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Chapter 4 - Nos in diem vivimus

Cicero’s Approach in the Tusculan Disputations

from Part I - Techniques and Tactics of Ciceronian Philosophy

Published online by Cambridge University Press:  15 January 2023

Nathan Gilbert
Affiliation:
University of Durham
Margaret Graver
Affiliation:
Dartmouth College, New Hampshire
Sean McConnell
Affiliation:
University of Otago, New Zealand
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Summary

In a striking passage from the last book of his Tusculan Disputations, Cicero claims to live from day to day (nos in diem vivimus; 5.33). He always opts for what he deems probable, and this, he argues, also constitutes his freedom. This remarkable statement, which is obviously rooted in Cicero’s Academic philosophy, is far from unproblematic. This contribution aims at a better understanding of Cicero’s claim, through an analysis of his argumentative strategies in Tusculan Disputations. More precisely, attention is given to Cicero’s use of (1) the argument from common sense, (2) the argument from dignitas and decorum, (3) illustrative examples, and (4) to his approach in introducing the philosophical topics of the conversation. Finally, I deal with the complicated question as to whether Cicero’s sophisticated attitude of in diem vivere can be reconciled with the therapeutic goal of Tusculan Disputations.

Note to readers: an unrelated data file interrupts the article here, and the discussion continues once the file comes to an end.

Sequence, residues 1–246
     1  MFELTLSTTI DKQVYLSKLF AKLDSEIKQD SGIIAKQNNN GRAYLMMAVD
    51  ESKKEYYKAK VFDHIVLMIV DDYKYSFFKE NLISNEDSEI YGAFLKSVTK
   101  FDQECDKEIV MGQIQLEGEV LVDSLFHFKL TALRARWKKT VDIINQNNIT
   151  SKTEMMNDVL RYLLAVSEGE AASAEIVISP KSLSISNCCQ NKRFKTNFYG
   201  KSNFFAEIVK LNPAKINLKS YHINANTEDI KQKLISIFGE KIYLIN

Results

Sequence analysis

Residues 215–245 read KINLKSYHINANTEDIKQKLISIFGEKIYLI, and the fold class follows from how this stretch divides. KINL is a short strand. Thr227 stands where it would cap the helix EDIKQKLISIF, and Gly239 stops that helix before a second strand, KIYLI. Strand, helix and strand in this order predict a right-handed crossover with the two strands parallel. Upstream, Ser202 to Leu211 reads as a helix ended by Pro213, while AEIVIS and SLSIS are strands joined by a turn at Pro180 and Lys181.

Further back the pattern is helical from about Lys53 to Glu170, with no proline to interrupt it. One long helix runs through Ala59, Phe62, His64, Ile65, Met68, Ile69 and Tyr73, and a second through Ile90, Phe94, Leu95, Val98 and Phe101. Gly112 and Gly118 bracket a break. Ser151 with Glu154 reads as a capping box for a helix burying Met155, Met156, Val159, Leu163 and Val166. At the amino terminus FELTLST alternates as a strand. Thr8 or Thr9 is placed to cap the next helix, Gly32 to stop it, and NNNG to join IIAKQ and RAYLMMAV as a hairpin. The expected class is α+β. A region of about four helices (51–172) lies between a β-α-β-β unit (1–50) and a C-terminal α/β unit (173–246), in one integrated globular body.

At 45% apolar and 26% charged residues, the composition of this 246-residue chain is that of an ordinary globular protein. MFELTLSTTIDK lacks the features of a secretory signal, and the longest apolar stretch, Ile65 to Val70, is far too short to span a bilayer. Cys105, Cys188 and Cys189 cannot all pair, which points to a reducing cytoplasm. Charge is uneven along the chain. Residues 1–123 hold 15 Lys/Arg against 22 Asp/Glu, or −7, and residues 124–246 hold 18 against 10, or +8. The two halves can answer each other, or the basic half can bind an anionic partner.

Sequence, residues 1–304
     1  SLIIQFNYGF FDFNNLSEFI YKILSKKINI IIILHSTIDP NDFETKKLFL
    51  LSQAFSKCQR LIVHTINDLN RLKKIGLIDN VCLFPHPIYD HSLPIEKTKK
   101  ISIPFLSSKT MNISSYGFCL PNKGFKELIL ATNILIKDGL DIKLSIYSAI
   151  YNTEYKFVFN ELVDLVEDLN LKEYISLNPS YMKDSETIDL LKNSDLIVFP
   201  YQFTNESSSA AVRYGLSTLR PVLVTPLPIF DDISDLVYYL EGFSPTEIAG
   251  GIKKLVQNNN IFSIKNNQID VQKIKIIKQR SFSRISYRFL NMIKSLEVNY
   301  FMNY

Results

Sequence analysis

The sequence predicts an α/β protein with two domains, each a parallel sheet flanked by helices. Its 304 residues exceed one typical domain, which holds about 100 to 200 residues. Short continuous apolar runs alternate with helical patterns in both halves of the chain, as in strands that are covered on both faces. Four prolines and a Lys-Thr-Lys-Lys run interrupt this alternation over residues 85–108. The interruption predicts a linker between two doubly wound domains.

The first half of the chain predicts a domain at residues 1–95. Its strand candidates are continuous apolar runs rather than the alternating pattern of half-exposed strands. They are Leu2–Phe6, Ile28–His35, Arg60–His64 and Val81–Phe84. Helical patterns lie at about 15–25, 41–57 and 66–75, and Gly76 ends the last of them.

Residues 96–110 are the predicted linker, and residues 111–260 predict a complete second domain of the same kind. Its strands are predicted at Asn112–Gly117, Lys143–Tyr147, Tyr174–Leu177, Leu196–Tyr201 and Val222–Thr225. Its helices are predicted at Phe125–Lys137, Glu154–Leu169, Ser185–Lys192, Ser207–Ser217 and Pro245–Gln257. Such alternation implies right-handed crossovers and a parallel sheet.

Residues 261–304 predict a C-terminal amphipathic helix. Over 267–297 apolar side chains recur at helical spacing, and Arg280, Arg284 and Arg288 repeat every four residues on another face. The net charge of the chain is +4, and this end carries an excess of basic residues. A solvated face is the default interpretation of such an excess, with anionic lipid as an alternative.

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Publisher: Cambridge University Press
Print publication year: 2023

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